Overall, model 1 was reviewed favorably by HCPs. OTs highly rated the clarity of model 1, registering a collective score of 5.00/6.00. This score indicates that OTs had no questions after reading it. Neurologists (4.00/6.00), nurses (4.00/6.00), and PTs (3.86/6.00) identified model 1 to be clear but needing some clarification:
Who checks the insurance reimbursement? Would the neurologist have that info prior to the PT visit with the neurologist? Does the patient have the option to cash pay or get assistance with payment of PT/OT? I may have missed this info but what is the toolkit. Who is determining patient criteria? Deficits for PA? Can patient participate safely? Is there a questionnaire is it the neurologist simply asking? (PT 3)
Nurses rated the relatability of the model as 4.50/6.00, indicating that these components would occur about half the time in comprehensive MS care. Scores for neurologists (3.67), PTs (3.50), and OTs (3.50) were lower than those for nurses, suggesting that these components would occur in real-world comprehensive MS care sometimes to about half the time. In particular, these parties noted that nurses as an intermediary who promoted exercise were not likely part of the clinic structure:
I have never been familiar with a clinic structure that involved nursing in exercise recommendations. Even patients without deficits are likely to be concerned about appropriate exercises and appropriate exercise intensities. A direct referral to therapy would be most appropriate. (OT 2)
HCPs were, however, positive with feedback regarding consideration made for patients without insurance reimbursement:
I am not accustomed to, nor have I truly given consideration to, such a nurse’s role in this process. With one significant exception: it is wonderful to see consideration, and a plan, given to patients who have no insurance coverage for OT/PT. (OT 1)
Neurologists noted that the tasks assigned to them when promoting exercise in model 1 were quite appropriate (4.33/6.00). PTs rated tasks as either slightly or quite appropriate (3.50/6.00), but nurses and OTs reported tasks to be slightly appropriate (3.00/6.00 tied). HCPs were unconvinced about the nurse’s role in promoting exercise; “I would not correspond with the nurse regarding patient progress with exercise.” (PT 4); “Not appropriate due to my time constraints in clinic” (Nurse 1).
Neurologists and OTs rated confidence levels as high regarding implementing model 1 in comprehensive care, registering scores of 86.67 and 85.00, respectively. PTs rated fairly high confidence (77.50), but nurses rated low levels of confidence in implementing model 1 (40.50). This lack of confidence is understandable considering previous indications that the nurse role in this scenario is not relatable or appropriate within comprehensive MS care centers, or consistent with the assigned responsibilities of nurses.
Model 2: Moderate HCP Intervention
Model 2 (Fig. 2) depicts the course of exercise promotion for patients who require moderate health care intervention before engaging in exercise independently. This scenario outlines the course HCPs might take if the patient is interested in exercise but has (a) a physical deficit that requires short-term PT/OT or nurse intervention and (b) insurance reimbursement. The neurologist plays the initiator role in this model by introducing and discussing the concept of exercise as a therapeutic strategy for managing MS, and then hands-off to the nurse. The nurse plays an intermediary role in this scenario by deciding if the patient needs immediate PT/OT intervention before engaging in independent exercise. Neurologists and nurses both stated that referrals were ordered by the neurologists but handled primarily by the nurse practitioner, and the nurse practitioner had more opportunity to speak with the patient in-depth about alternative strategies for managing MS (13). If the nurse regards the patient as ready to exercise despite deficits, the nurse follows the same checklist as model 1; a key difference, however, is the nurse making the patient aware of the option for PT/OT referral. If the nurse judges that the patient needs PT/OT intervention before engaging in exercise, the patient is referred to PT/OT immediately. The role of PT/OT in this model is to address the physical deficits of the patient, correspond with the nurse and neurologist regarding patient progress, and provide ongoing support regarding the patient’s exercise behavior. After this intervention, the patient is supported through regular periodic check-ins via e-mail every 3 wk by nurse and check-ins with the neurologist at follow-up appointments.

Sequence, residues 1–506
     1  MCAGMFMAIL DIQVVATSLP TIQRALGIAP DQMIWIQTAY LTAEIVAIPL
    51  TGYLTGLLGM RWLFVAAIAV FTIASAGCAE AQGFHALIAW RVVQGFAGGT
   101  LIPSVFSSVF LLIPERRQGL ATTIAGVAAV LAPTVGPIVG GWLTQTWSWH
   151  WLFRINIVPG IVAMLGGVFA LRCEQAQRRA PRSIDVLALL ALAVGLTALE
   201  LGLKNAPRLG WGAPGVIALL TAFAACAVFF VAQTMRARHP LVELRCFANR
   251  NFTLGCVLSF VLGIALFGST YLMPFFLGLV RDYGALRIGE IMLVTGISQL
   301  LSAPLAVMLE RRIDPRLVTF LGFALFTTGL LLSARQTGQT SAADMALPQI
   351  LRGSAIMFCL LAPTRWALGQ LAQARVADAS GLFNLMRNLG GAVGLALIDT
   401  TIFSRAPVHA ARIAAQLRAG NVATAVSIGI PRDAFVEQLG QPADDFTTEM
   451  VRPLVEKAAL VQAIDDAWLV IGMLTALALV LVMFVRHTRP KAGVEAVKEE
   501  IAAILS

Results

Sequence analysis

HCPs were moderately favorable of model 2. OTs highly rated the clarity of the model, registering a collective score of 5.00/6.00. This score indicates that OTs had no questions after reading it. PTs and neurologists identified model 2 to be clear but needed some clarification, registering scores of 4.67 and 4.00, respectively; “Who determines patient criteria? Why does the patient go to the nurse instead of directly to PT. Why is nursing in the middle of the communication about physical activity?” (PT 1). Nurses (2.00/6.00) noted that parts of the model were clear, but overall, it was confusing, making identical statements with model 1, regarding clarity; “What does ready for exercise mean? What healthcare intervention is needed?” (Nurse 1).
Neurologists, OTs, and nurses rated the relatability of the model as 4.50/6.00 (tied). PTs (3.33/6.00) suggested that these components would only happen sometimes in comprehensive MS care; “Again the route through nursing would not happen. Our nurses see 1% of all patients that our scheduled with a neurologist or ARNP on a given clinic day.” (PT 1).
PTs and OTs noted that the tasks assigned when promoting exercise in model 2 were appropriate (5.00/6.00 tied). Neurologists rated tasks as quite appropriate (4.00/6.00), but nurses rated tasks as slightly appropriate (3.00/6.00). Both parties discussed the lack of applicability regarding the hand-off process between the neurologist and the nurse; “The problem, again, is that there is no connection between neurologist and PT. Nursing in most situations would provide general education and encouragement but specifics of exercise would come from a therapist or trainer of some kind.” (Neurologist 1)